|Ave et vale, Rico
||[Feb. 20th, 2012|08:23 pm]
Six years and fifty weeks ago, tomorrow, I went to the South Shore in Massachusetts to meet a cat who had been saved from his second period in a shelter, one which would have killed him if no one would take him. The woman who adopted him from the first shelter, not a cat person, had turned him back saying he was a "vicious cat."
The shelter records indicate that she made this assertion because she had been cooking chicken (a food he is extraordinarily fond of) and he had been monitoring her every movement from just behind her. She stepped back unexpectedly and landed on him. He got out from under her foot, and reminded her that he was there as many cats will do, by pressing his mouth against her ankle. He didn't break skin or cause any pain, but now he had that "vicious" label.
As a result, he spent six months in a cage, and for that time no one was allowed to even touch him. By the time National Abyssinian Rescue found out about him and got him released to a temporary home, they were concerned as to how well the cat would handle being with people again. Because of the special care we'd given to our first Aby, they asked if we'd at least take a look at this little boy, and decide whether we thought we could help him.
So it was that I arrived at a stranger's home, not sure what to expect. Once inside I saw a cat in the next room, and sat down on the floor. Rico raced over to stand on my lap and touch noses with me. Every bit of body language I knew how to read from him said "Hi! I really LIKE you!"
I spoke with the woman who was fostering him, and called home to describe my perceptions with Editrx. A little later, I returned to New Hampshire with an eager little cat in a carrier on the passenger seat. At our house he had room to run as he never had before, and as construction was finished on the expansion of the house it was Rico who invented the game of jumping from the loft into the kitchen/living room space below it.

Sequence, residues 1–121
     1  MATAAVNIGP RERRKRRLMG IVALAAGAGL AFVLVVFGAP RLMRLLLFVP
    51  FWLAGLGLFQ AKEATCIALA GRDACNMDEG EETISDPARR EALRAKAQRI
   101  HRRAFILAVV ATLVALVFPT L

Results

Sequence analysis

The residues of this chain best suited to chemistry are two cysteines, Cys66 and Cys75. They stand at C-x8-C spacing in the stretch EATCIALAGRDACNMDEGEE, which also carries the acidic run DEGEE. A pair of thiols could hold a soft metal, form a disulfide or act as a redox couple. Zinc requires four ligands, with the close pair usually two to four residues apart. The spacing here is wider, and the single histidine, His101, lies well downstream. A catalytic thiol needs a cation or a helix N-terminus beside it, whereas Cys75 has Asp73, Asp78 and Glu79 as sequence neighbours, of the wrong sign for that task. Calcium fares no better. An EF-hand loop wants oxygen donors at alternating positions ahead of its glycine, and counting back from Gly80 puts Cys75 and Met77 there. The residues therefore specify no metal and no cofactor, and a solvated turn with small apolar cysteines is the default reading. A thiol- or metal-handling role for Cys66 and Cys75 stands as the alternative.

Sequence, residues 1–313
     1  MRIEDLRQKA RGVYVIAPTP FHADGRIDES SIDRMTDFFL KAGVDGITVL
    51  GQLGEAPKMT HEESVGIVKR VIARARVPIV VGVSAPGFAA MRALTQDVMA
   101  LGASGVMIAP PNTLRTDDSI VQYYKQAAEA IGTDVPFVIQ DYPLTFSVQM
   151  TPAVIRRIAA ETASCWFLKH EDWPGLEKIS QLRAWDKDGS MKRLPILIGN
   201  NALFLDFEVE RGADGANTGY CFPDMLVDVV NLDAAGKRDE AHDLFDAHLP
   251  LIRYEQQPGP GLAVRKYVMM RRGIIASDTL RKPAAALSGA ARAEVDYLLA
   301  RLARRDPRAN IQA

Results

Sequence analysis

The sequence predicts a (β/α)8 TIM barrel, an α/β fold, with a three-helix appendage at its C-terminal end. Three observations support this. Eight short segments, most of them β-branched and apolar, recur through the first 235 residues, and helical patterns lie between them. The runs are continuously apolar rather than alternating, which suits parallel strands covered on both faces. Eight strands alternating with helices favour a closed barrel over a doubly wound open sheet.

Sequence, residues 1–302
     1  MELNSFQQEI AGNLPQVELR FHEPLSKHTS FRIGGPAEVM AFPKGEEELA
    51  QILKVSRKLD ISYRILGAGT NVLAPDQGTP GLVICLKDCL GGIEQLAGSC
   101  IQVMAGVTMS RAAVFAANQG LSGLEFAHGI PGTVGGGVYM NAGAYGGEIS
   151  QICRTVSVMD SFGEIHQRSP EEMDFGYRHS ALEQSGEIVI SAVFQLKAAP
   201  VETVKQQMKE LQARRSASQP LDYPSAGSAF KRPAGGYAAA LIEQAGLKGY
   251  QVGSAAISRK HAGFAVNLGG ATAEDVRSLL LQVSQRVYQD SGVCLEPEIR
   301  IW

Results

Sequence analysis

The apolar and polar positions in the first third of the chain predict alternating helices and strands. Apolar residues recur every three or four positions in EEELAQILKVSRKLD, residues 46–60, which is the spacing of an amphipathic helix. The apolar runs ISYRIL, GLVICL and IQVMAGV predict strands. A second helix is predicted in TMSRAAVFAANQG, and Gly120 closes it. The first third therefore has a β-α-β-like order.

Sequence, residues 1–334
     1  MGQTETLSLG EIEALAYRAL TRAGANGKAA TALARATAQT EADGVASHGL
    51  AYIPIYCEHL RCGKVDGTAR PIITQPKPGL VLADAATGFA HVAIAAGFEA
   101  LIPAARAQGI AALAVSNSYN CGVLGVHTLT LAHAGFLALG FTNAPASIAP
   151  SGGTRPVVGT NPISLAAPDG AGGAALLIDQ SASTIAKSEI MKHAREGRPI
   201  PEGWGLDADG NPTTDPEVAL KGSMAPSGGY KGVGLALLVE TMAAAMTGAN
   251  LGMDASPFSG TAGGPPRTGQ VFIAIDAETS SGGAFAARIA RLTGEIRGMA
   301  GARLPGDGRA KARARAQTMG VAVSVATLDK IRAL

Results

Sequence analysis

He has explored all the sunny windows, enjoyed all the warm spots during cold weather, and been the greeting cat for the house, an often difficult post to maintain given how many of our cats have outgoing, human-oriented personalities. I don't think any visitor to the house has ever failed to remember him. From break of day to late at night, Rico would come by to see what you were doing, and to say "Hi!" again.
After almost seven years of "Hello!" he doesn't want, or know how, to say good-bye.
Tomorrow, with the sun high in the sky, we will say "good-bye" to him, and for him, because it is the last loving thing we can do for him.
Hi, Rico. I love you, too.